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Provide Support While Re-establishing Routine
By Stephanie Mensh
Relationships are an ongoing balancing act between
satisfying your own needs and supporting your spouse and family’s needs.
Strokes turn this balance upside down in almost everything you do, every day.
My husband and I had been married four years when he had his stroke at age 36.
Prior to his stroke, Paul supported us financially, was the engine driving our
social life, shared the household chores and strongly encouraged my educational
and career pursuits. Suddenly, he needed all this support from me . . . and more.
Although I didn’t realize it at the time, I also needed more
support. I was lucky to have family and friends nearby and an understanding
employer. Even so, I felt alone, scared and overwhelmed. I felt boxed in: I
could no longer work late or take a 6 a.m. exercise class.
Survivors and Caregivers Lose independence
Paul came home from the rehab hospital in a wheelchair, his
right hand and leg paralyzed and had severe aphasia. He could only say a few
words and often mixed up the meaning of yes and no. He had lost his ability to be
independent; so had I. We needed to help each other rebuild self-confidence,
re-establish independence and redefine our respective roles our in marriage.
Supporting Independent Communication
Paul’s stroke impaired his ability to communicate (aphasia).
Learning to communicate was key to Paul’s independence and our successful
Here are ways that I support him:
- Taking time to listen.
- Urging him to express the
entire thought, and not letting him give up or give into his (and my)
- establishing the topic,
and having him indicate when he is changing topics.
- repeating, rephrasing, or
asking questions to be sure I understand what he is trying to tell me.
- Using a pocket notebook
and pen to write words and draw pictures; Paul to express himself; me to
- Helping him plan ahead: if
he needs to take a taxi, or get a ride home, he takes written directions
to our house.
- When we are with others,
letting him first say as much as he can, and if our friends don’t
understand, then rephrasing it and asking Paul if this is what he meant.
Share Decisions and Responsibilities
At first, I tried to make all the decisions. The professionals
typically asked me questions, not Paul. It was my job to find a way to carry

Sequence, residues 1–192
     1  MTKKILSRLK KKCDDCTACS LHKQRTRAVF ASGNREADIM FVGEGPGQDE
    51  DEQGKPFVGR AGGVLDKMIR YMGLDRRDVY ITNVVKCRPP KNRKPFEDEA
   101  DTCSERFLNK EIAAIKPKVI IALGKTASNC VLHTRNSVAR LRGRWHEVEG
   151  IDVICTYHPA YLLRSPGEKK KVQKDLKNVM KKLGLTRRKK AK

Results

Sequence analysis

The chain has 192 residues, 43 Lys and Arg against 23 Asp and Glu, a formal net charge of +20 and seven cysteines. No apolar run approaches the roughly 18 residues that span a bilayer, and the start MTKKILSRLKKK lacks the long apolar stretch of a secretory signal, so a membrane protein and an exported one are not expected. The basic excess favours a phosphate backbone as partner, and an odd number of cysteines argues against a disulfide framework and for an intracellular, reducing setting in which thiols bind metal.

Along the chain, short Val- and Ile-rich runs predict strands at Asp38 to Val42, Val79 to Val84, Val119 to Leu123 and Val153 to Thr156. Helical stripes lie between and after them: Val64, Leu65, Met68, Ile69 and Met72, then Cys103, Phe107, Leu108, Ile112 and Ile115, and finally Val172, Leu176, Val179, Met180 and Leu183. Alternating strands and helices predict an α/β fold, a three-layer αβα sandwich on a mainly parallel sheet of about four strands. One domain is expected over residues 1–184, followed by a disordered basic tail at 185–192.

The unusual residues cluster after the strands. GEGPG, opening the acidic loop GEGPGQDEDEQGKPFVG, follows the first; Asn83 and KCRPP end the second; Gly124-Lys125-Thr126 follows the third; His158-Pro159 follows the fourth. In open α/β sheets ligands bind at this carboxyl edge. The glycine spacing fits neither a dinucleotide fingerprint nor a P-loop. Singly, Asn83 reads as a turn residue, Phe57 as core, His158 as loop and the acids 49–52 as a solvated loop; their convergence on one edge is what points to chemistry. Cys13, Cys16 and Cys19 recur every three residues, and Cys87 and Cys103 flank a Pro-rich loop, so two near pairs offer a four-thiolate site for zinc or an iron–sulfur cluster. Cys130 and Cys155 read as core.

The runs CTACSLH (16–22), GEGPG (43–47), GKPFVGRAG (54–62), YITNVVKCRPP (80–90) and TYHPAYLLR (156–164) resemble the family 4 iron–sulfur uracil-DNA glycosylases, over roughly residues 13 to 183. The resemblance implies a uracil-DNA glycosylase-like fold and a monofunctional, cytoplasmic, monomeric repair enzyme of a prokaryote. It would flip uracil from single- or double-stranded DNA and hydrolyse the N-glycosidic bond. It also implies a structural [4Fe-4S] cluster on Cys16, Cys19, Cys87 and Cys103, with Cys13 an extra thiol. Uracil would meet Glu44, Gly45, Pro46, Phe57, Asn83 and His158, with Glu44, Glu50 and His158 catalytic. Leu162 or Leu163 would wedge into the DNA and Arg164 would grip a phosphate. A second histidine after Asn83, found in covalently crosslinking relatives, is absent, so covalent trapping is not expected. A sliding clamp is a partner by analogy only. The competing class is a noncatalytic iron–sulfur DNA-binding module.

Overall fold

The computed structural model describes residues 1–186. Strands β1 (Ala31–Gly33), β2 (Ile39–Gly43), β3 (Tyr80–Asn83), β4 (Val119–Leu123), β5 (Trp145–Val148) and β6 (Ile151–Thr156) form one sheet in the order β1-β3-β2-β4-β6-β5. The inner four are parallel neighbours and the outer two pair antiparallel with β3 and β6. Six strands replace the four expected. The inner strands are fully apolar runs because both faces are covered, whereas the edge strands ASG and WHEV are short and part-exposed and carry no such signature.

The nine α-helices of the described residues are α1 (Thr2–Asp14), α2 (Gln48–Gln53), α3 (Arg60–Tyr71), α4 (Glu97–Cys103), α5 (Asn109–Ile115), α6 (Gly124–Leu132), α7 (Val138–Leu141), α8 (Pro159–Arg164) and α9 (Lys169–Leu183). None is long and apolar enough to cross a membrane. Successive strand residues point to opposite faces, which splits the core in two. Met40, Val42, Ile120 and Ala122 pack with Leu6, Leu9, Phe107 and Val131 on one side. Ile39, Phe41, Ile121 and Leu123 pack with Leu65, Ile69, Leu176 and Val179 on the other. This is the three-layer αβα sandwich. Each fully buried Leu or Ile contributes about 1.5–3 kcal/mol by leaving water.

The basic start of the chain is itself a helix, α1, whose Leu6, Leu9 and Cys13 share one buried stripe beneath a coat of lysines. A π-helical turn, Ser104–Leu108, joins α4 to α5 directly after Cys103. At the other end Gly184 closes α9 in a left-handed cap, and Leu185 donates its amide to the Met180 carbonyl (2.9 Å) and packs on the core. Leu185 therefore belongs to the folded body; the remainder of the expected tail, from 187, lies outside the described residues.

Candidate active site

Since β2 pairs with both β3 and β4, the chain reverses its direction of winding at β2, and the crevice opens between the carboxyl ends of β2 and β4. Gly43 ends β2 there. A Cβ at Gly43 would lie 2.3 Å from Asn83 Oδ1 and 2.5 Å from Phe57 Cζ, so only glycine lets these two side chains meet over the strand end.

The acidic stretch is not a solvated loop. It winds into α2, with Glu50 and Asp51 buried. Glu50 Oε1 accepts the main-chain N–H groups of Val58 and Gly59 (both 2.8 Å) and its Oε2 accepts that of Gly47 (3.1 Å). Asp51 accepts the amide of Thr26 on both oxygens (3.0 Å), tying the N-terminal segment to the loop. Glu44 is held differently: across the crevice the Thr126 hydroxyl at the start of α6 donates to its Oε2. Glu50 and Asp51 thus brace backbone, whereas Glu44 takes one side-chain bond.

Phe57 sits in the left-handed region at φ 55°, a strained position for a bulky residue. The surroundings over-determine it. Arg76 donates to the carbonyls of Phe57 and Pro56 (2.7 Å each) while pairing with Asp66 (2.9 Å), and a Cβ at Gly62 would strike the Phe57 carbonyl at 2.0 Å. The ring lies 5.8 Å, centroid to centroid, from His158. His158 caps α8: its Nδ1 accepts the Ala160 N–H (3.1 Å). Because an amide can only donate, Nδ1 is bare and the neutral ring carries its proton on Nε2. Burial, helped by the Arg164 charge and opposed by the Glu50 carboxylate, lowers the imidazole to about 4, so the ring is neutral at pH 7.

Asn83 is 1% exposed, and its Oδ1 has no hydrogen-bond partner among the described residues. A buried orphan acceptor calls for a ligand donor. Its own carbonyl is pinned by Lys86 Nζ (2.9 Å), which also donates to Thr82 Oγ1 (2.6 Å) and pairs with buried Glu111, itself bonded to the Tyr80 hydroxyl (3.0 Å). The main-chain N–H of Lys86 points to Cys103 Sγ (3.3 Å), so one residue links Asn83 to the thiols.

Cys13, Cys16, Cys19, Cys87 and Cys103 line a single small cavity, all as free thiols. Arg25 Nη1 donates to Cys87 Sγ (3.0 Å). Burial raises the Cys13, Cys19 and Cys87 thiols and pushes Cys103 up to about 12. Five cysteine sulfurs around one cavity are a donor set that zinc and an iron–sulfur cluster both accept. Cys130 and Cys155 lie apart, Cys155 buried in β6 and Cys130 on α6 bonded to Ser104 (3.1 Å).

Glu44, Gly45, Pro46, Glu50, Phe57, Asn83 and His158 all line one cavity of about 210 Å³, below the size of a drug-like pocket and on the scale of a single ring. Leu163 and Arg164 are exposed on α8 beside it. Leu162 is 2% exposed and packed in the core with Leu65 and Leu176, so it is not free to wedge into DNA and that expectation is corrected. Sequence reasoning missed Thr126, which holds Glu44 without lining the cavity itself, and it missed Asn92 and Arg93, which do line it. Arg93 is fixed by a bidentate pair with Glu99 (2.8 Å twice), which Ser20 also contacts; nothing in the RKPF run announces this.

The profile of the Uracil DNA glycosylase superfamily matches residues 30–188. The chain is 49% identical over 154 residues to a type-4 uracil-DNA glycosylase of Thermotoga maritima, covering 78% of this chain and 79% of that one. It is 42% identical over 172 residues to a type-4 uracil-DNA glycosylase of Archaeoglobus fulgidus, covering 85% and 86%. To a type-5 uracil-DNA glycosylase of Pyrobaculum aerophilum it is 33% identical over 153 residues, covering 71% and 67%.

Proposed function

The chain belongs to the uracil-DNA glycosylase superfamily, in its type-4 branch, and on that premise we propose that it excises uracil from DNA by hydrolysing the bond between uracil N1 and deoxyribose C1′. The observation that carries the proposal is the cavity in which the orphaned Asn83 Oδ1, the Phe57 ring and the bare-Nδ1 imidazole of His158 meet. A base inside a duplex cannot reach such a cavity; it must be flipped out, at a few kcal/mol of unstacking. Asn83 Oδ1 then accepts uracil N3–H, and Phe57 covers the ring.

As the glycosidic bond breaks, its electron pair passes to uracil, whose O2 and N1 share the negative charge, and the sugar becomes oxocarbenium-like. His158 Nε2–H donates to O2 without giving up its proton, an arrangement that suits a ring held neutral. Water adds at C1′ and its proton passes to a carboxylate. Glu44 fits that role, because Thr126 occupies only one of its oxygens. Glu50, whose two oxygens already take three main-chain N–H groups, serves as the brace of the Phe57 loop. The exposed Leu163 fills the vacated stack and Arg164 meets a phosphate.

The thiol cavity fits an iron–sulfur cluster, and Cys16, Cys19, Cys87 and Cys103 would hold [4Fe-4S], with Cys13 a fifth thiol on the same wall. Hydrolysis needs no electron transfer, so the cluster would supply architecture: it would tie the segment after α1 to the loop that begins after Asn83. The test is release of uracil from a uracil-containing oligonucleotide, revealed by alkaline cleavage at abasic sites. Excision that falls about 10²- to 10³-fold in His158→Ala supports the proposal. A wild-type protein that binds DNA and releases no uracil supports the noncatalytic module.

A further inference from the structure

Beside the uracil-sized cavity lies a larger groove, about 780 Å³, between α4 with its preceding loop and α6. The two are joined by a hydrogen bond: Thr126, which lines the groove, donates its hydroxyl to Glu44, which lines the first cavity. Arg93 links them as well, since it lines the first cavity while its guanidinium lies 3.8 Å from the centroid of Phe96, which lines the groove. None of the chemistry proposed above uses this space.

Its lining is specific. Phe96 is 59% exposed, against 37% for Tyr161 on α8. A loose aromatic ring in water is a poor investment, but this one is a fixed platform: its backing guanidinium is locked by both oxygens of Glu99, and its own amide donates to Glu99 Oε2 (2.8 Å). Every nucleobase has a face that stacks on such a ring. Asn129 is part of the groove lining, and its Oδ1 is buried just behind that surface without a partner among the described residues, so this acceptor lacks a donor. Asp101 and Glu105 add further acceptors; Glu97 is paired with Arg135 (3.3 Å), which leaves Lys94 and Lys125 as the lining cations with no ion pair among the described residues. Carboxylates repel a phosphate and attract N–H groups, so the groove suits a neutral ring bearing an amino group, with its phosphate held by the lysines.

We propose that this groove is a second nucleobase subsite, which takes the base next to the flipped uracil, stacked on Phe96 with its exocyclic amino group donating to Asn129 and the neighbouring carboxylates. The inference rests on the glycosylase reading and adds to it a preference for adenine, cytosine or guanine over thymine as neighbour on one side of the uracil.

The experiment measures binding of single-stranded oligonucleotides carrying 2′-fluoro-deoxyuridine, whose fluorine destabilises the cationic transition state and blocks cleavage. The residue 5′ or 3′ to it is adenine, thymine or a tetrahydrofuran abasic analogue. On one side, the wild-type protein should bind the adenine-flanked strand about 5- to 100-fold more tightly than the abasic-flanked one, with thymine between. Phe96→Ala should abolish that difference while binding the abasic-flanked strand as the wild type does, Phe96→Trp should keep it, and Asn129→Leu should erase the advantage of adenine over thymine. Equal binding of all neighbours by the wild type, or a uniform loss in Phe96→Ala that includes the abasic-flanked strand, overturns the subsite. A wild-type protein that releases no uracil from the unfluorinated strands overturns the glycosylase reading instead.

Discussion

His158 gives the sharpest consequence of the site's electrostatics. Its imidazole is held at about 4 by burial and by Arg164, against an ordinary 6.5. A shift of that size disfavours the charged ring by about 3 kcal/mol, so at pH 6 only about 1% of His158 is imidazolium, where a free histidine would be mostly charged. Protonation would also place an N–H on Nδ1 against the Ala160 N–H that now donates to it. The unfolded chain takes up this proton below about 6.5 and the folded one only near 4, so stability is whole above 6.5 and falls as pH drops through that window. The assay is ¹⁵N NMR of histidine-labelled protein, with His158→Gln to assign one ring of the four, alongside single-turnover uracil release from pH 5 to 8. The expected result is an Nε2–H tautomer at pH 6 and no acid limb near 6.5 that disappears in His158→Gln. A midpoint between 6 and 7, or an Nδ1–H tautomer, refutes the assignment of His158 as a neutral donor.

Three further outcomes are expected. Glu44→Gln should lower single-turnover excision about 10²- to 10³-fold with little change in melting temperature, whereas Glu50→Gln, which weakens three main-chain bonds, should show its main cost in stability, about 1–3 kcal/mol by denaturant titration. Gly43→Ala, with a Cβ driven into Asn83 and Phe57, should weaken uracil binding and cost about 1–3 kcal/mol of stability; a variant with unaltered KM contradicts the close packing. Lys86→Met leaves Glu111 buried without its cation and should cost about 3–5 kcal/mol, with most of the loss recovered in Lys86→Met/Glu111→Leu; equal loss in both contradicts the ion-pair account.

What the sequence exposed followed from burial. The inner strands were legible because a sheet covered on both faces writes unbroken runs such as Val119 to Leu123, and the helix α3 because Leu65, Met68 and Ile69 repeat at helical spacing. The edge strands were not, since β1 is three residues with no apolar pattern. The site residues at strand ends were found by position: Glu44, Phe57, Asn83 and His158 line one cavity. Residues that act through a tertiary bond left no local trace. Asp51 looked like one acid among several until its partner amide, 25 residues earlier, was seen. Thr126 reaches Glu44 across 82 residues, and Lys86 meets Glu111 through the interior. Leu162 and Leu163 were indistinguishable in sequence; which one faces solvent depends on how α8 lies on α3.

out the decisions and I thought I knew what was best for us both.
That didn’t last long. Paul wanted to understand his choices
and demanded to be treated like an adult and partner. He was willing to take responsibility.
This was the first and most important step toward recovering independence.
Re-establishing a daily routine is a key step toward
independence. We worked with Paul’s occupational and physical therapists on
goals for the basic activities that would permit Paul to use the toilet,
shave, shower, brush his teeth and dress himself.
I had to overcome my impatience and the urge to do it for
him. Instead, I found creative ways to make it easier for Paul to do things
himself. As long as he seemed relatively safe, I would leave the room. We
monitored how much time he needed and celebrated as he improved. This built
Paul’s self-confidence and gave me a block of time to take care of other
Being a responsible partner meant that Paul had to take on
his share of household duties, including making a snack, doing dishes, folding
laundry, helping to pay bills and making a shopping list.
I supported these activities by rearranging the furniture
and dishes to be within reach. I also rearranged my attitude: Paul doing
chores was more important than how perfect he did them. We both learned to say
“thank you” and appreciate the other’s efforts. By helping Paul regain his
independence, I regained my freedom, too.
Stephanie Mensh, wife
of stroke survivor Paul Berger, provides caregiver information at: www.strokesurvivor.com
and can be reached by e-mail at: Stephanie@strokesurvivor.com.
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